Tom Savage (Irish media figure)

From Wikipedia, the free encyclopedia
Jump to navigation Jump to search
Tom Savage
Born 1940/41
Died (aged 76)
Nationality Irish
Alma mater Maynooth College
Queen's University Belfast (QUB)
Occupation Chairperson
Employer Raidió Teilifís Éireann (RTÉ)
Spouse(s) Terry Prone
Children Anton Savage

Tom Savage (1940/41 – 30 March 2017) was a director of The Communications Clinic.

Early years[edit]

Tom Savage entered Maynooth in 1959 earning degrees in divinity and arts, before further studies at QUB.[1] After graduating from Queens in 1968, he became Director of Social Welfare in the Archdiocese of Armagh, a post he held until 1972. Also in 1972, Cardinal William Conway appointed him to the Independent Broadcasting Authority (IBA). During the Troubles[when?], he was the priest sent by Cardinal Conway to welcome the British troops – then seen as peacekeepers – into Northern Ireland.

In 1972, he was seconded to the Catholic Communications Institute at the request of Bunny Carr, the then Director of the Catholic Communications Centre in Booterstown, Dublin, where he became a lecturer. During those years, he was a regular presenter of the End the Day religious programme on UTV and of Outlook on RTÉ TV.

Tom Savage lectured in the Sociology of Media and Central and Local Government in the School of Journalism in Rathmines and was a third level external examiner for the then VECs in Athlone and Carlow. He was the first Health Promotion Officer of the then Health Education Bureau.

Communications career[edit]

He joined Bunny Carr's company, Carr Communications, in the mid-1970s. He delivered consultancy and management training in Britain, the US, Canada, Greece, France, Italy, Spain and Portugal. He was Communications Advisor to former Taoiseach Albert Reynolds. He resigned from the company in 2008.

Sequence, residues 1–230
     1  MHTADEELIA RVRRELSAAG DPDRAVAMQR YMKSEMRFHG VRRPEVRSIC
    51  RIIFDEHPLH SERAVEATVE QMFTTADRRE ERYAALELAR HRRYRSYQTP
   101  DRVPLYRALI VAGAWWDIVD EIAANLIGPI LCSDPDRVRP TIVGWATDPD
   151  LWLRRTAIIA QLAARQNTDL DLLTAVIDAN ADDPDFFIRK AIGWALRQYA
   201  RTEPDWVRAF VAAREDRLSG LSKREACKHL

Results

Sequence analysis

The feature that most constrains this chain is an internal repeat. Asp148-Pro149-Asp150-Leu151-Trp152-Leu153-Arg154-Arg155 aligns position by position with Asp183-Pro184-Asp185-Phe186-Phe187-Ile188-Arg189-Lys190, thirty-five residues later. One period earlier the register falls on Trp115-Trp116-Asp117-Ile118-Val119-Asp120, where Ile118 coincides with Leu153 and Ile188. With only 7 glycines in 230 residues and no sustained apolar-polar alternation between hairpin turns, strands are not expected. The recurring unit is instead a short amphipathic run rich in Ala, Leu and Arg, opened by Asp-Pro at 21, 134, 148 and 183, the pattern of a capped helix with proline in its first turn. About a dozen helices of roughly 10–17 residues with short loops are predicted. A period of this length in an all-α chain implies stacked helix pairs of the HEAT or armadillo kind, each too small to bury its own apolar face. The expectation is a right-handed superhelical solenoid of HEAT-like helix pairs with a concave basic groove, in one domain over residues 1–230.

His textbook on negotiations, "How to Get What you Want",[2] was published in 1999.

RTÉ career[edit]

He worked in RTÉ Radio as a night news editor and in its features department. He presented RTÉ television shows It Says in the Papers, Eyewitness to History, and For Better or For Worse. He was appointed Chairman of the RTÉ Board on 23 February 2009.

Personal life[edit]

He was a former Roman Catholic priest.[3] Savage was married to Terry Prone, also a co-owner of The Communications Clinic. Their son, Anton Savage, was an Irish radio presenter on Today FM.[4]

He was a lifelong member of Cooley Kickham GAA club in County Louth, played senior football for the county and won an all Ireland junior medal in 1961.[citation needed] He also was a member of the first Queens University GAA team to win the Sigerson cup.[citation needed]